In response to your question, from my limited understanding the answer to the Question of does CE class A rating mean that it is guarenteed not to sink is "NO". The CE class A rating means that the boat is constructed to certain norms, such as the hatches and vessel is capable of withstanding 4 meter waves and force 8 winds. This rating for recreational vessels was based upon an agreement made between EU countries and manufacturers. What we as catamaran consumers should
ask for is a much higher standard than CE class A ratings provide. Catamarans can be constructed to the standards of the Safe Return to Port Rules of the Maritime Safety
Committee. Simply put, these rules state that a vessel should be able to return to port under its own primary propulsion
in event of flooding of any single
water tight compartment. For sailing vessels primary propulsion
is considered to be engines as wind
force and direction is always uncertain. This simple rule
sounds like a perfectly reasonable request of a catamaran buyer.
It might not make you feel very safe, but just this simple rule
is applied now only to passenger vessels greater than 120 meters, only goes into effect his year, only applies to new construction and frankly few existing passenger ferries meet it because they have their engines co-located in the same compartment.
Contrast that with an African Cats
design or PDQ
(and there are a few others). It's engines are in seperate water tight compartments with seperate fuel
systems. Should even a mid hull
breach occur, that particular hull would flood only I believe 18 inches or so for the PDQ (I don't know the specs for the African Cat) but the boat would still be able to return to port using its other engine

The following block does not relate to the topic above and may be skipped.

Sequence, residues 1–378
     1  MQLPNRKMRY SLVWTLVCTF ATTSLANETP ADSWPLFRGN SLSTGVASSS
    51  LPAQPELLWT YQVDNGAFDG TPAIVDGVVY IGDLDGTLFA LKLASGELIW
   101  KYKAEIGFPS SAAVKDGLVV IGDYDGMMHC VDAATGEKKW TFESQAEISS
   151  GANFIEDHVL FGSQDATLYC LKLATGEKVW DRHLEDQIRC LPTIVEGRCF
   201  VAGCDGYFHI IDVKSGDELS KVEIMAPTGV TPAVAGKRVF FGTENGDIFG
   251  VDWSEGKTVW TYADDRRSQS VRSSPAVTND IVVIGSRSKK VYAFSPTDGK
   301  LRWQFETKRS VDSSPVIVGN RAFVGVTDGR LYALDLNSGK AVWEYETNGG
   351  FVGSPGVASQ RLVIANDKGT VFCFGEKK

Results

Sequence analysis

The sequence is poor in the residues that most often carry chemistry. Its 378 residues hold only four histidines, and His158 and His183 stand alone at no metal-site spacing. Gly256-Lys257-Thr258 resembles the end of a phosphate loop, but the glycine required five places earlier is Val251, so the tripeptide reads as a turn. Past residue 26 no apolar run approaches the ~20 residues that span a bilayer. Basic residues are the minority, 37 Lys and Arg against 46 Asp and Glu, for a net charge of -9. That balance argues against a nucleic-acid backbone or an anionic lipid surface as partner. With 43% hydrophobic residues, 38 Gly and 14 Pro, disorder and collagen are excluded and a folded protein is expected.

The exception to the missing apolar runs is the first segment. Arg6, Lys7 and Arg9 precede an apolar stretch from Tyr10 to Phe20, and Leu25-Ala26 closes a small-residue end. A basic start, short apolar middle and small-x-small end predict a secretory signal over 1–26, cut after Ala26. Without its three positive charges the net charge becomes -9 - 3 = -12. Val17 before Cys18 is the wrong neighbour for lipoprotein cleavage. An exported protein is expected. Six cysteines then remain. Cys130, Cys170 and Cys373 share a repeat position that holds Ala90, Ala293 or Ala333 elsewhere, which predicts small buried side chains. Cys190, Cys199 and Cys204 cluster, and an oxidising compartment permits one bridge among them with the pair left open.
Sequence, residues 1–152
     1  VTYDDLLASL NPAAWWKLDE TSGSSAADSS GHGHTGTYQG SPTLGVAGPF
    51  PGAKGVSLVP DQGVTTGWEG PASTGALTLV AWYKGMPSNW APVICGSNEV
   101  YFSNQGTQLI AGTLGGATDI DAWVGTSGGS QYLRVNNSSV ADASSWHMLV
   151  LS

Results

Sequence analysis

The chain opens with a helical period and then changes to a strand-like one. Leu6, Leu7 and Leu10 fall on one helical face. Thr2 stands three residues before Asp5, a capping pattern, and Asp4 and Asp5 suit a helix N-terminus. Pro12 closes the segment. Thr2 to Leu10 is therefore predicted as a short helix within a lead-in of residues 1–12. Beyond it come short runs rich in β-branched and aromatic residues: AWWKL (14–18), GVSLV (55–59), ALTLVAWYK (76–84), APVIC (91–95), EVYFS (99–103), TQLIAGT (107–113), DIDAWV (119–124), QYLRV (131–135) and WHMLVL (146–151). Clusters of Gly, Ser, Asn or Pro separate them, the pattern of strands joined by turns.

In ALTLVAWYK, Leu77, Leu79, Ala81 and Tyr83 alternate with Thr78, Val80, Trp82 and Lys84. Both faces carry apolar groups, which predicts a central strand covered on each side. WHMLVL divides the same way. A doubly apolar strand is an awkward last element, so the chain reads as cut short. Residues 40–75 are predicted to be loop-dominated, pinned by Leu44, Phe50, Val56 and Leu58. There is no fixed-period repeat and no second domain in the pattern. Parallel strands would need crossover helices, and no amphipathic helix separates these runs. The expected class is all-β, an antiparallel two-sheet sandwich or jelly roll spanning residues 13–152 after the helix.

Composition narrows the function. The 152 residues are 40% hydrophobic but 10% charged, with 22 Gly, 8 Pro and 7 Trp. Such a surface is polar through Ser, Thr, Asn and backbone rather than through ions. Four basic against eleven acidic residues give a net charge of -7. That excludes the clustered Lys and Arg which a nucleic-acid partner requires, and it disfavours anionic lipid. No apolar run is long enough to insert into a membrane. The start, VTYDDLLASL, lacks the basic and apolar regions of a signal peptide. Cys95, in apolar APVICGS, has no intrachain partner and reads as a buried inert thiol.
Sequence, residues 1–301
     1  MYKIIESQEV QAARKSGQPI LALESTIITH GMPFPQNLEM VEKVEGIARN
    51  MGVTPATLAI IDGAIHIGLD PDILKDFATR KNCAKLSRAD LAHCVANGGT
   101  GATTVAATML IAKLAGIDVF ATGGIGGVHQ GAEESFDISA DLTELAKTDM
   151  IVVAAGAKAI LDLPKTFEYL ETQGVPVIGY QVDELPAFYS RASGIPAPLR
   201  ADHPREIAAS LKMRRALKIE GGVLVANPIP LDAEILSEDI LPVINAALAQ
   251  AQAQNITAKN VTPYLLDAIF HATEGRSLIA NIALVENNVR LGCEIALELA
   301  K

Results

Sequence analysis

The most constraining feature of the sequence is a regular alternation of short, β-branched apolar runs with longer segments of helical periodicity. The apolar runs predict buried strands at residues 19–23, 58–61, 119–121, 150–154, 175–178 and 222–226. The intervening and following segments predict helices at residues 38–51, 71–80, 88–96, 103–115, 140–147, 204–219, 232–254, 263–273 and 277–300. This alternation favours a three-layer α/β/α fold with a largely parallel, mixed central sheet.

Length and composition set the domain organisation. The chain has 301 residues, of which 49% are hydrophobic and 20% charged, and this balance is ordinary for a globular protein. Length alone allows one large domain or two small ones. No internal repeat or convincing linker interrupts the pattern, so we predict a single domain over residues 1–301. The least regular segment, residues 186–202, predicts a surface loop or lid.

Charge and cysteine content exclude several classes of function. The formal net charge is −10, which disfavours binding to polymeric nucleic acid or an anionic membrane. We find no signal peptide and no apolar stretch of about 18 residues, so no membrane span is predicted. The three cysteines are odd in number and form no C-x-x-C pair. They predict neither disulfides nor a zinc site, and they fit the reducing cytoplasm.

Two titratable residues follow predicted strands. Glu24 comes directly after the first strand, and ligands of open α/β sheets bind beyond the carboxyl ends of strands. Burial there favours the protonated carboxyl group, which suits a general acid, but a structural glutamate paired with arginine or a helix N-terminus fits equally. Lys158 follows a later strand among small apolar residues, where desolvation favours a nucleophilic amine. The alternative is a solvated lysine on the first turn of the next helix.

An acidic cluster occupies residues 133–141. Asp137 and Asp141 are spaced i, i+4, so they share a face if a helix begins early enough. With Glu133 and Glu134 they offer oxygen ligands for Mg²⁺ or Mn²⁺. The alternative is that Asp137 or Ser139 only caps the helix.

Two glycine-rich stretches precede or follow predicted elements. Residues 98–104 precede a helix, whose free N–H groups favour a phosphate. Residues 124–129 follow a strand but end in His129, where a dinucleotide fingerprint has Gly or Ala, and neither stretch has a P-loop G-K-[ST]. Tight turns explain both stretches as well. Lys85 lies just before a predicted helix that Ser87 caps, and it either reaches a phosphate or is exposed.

. In other words, a 40 ft catamaran designed with safety
as its first aim, can provide the potential safety of a 120 meter plus passenger liner. I think that's the true bottom line that we as consumers should be asking for. Some boat builders are leading the way in this design, and an educated public rewarding that sort of design specification through their dollars I think would justly reward those designers. After all, these designers have obviously sacrificed their ability to provide charter
boats with massive amounts of births and offer instead safer designs for private owners with fewer births and greater structural bouyancy and larger water tight compartments.
You will never see the Safe Return to Port rule applied by the CE to regular recreational vessels because only a few people die when a recreational vessel sinks and almost no monohull
could ever be constructed with seperate engines in seperate water tight compartments. But we can hold catamaran manufacturers to a higher standard as its possible, its currently being done, and frankly its the best choice for an owner venturing into blue water with his family